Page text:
Peripoltas the seer, who conducted King Opheltas with his subjects from Thessaly into Boeotia, left a posterity there which was in high repute for many generations. The greater part of them settled in Chaeroneia, which was the first city they won from the Barbarians. Now the most of this posterity were naturally men of war and courage, and so were consumed away in the Persian invasions and the contests with the Gauls, because they did not spare themselves.
There remained, however, an orphan boy, Damon by name, Peripoltas by surname, who far surpassed his fellows in beauty of body and in vigor of spirit, though otherwise he was untrained and of a harsh disposition.
With this Damon, just passed out of boy's estate, the Roman commander of a cohort that was wintering in Chaeroneia fell enamored, and since he could not win him over by solicitations and presents, he was plainly bent on violence, seeing that our native city was at that time in sorry plight, and neglected because of her smallness and poverty.
Violence was just what Damon feared, and since the solicitation itself had enraged him, he plotted against the man, and enlisted against him sundry companions,—a few only, that they might escape notice. There were sixteen of them in all, who smeared their faces with soot one might, heated themselves with wine, and at daybreak fell upon the Roman while he was sacrificing in the market-place, slew him, together with many of his followers, and departed the city.
During the commotion which followed, the council of Chaeroneia met and condemned the murderers to death, and this was the defence which the city afterwards made to its Roman rulers. But in the evening, while the magistrates were dining together, as the custom is, Damon and his men burst into the town hall, slew them, and again fled the city.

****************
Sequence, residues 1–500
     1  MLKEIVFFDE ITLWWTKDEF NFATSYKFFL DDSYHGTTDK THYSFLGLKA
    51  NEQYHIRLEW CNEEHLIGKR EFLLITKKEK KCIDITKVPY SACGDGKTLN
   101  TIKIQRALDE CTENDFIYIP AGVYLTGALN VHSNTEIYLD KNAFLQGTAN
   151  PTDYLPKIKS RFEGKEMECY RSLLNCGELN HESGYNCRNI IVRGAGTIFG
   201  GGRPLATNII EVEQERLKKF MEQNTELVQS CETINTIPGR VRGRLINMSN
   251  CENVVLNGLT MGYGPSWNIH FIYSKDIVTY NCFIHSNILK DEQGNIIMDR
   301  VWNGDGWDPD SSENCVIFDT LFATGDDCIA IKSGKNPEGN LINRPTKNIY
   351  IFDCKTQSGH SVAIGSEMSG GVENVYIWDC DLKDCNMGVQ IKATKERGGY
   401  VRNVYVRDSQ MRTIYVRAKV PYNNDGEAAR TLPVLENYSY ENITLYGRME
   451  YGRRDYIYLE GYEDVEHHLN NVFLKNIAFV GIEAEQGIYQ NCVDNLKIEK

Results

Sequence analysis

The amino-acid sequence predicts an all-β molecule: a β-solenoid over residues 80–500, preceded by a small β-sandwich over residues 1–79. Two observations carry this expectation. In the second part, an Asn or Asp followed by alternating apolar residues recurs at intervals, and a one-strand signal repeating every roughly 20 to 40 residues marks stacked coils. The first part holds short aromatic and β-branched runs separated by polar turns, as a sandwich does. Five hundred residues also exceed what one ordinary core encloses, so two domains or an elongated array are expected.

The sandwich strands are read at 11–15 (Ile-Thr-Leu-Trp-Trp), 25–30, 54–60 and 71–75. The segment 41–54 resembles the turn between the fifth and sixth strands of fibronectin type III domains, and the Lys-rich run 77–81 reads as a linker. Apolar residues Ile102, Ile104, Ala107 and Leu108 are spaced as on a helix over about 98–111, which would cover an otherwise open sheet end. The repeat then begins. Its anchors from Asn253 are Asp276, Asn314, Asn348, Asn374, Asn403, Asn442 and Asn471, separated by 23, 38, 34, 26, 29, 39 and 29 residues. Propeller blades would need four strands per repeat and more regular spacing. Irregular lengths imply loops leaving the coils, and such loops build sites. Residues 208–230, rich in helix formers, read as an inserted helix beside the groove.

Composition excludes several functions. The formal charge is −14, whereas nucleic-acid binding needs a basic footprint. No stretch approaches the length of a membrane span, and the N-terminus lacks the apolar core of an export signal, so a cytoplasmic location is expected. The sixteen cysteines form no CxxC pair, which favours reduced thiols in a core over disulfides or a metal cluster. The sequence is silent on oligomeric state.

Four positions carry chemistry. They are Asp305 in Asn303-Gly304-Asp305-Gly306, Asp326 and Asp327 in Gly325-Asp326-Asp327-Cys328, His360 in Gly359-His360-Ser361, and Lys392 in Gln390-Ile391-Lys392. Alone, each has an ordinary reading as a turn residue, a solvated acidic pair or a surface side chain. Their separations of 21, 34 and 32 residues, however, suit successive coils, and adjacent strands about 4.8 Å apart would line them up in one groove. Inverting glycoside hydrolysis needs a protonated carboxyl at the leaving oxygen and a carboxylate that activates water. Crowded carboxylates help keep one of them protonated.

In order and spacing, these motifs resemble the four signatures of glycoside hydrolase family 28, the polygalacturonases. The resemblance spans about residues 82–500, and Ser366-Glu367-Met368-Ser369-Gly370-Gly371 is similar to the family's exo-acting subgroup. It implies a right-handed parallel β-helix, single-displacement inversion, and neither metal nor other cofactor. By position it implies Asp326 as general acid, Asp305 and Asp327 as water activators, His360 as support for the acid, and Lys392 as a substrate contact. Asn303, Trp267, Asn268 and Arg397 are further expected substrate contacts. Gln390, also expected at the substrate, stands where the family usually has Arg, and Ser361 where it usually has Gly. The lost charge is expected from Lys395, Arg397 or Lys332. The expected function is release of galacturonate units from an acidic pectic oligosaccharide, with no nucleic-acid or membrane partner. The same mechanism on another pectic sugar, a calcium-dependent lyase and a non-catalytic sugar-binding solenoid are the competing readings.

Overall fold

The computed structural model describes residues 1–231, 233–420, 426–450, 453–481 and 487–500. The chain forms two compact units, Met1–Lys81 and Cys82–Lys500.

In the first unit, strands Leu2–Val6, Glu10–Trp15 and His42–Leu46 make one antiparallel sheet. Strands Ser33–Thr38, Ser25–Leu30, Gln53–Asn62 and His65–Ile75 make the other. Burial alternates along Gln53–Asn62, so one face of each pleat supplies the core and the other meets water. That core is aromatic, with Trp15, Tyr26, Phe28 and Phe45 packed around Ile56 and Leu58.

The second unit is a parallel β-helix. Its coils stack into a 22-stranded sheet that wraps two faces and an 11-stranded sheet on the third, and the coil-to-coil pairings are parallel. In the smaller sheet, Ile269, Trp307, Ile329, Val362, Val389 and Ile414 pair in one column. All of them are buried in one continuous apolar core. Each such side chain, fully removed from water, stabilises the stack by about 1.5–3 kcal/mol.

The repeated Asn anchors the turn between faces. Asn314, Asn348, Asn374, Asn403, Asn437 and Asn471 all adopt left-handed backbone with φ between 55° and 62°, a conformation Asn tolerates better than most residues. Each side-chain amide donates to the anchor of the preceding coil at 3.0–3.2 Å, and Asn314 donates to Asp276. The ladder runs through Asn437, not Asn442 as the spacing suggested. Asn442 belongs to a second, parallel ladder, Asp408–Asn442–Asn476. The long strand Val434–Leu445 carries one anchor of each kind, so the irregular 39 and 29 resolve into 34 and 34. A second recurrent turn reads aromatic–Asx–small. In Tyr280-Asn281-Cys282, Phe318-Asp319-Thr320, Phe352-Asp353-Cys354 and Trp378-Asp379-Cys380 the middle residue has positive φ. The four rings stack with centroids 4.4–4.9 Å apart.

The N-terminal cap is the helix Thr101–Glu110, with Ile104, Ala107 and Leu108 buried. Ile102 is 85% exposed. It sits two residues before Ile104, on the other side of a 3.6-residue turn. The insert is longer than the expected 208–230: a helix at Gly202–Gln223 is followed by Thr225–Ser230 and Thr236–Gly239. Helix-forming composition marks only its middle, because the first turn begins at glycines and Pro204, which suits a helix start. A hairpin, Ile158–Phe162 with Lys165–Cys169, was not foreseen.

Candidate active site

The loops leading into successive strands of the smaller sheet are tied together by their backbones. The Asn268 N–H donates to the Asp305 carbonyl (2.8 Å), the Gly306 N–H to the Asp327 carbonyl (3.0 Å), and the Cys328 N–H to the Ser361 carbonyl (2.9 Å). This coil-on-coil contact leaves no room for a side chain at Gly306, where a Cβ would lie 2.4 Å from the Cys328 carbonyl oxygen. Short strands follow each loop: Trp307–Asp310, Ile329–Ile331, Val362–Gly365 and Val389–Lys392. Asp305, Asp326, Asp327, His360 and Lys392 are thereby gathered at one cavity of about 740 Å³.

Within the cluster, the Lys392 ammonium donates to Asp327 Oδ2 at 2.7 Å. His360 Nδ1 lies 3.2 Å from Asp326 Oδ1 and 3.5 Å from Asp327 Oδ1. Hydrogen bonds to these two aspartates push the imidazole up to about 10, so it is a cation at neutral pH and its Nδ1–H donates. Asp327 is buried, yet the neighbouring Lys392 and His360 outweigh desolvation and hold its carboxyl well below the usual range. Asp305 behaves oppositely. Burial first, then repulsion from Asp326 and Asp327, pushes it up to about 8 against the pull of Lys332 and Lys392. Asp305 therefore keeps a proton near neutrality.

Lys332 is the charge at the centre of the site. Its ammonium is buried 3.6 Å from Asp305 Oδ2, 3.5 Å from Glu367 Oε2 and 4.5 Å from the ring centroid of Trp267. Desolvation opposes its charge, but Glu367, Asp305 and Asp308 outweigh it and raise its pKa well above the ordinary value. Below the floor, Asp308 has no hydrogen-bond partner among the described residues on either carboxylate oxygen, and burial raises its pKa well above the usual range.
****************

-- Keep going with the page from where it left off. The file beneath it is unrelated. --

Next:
Now about that time1
it chanced that Lucius Lucullus passed that way, on some errand, with an army. Halting on his march and investigating matters while they were still fresh in mind, he found that the city was in no wise to blame, but rather had itself also suffered wrong.
So he took its garrison of soldiers and led them away with him. Then Damon, who was ravaging the country with predatory forays and threatening the city, was induced by embassies and conciliatory decrees of the citizens to return, and was appointed gymnasiarch. But soon, as he was anointing himself in the vapor-bath, he was slain. And because for a long while thereafter certain phantoms appeared in the place, and groans were heard there, as our Fathers tell us, the door of the vapor-bath was walled up, and to this present time the neighbors think it the source of alarming sights and sounds.
Descendants of Damon's family (and some are still living, especially near Stiris in Phocis, Aeolians in speech) are called
‘Besooted,’ because Damon smeared himself with soot before he went forth to do his deed of murder.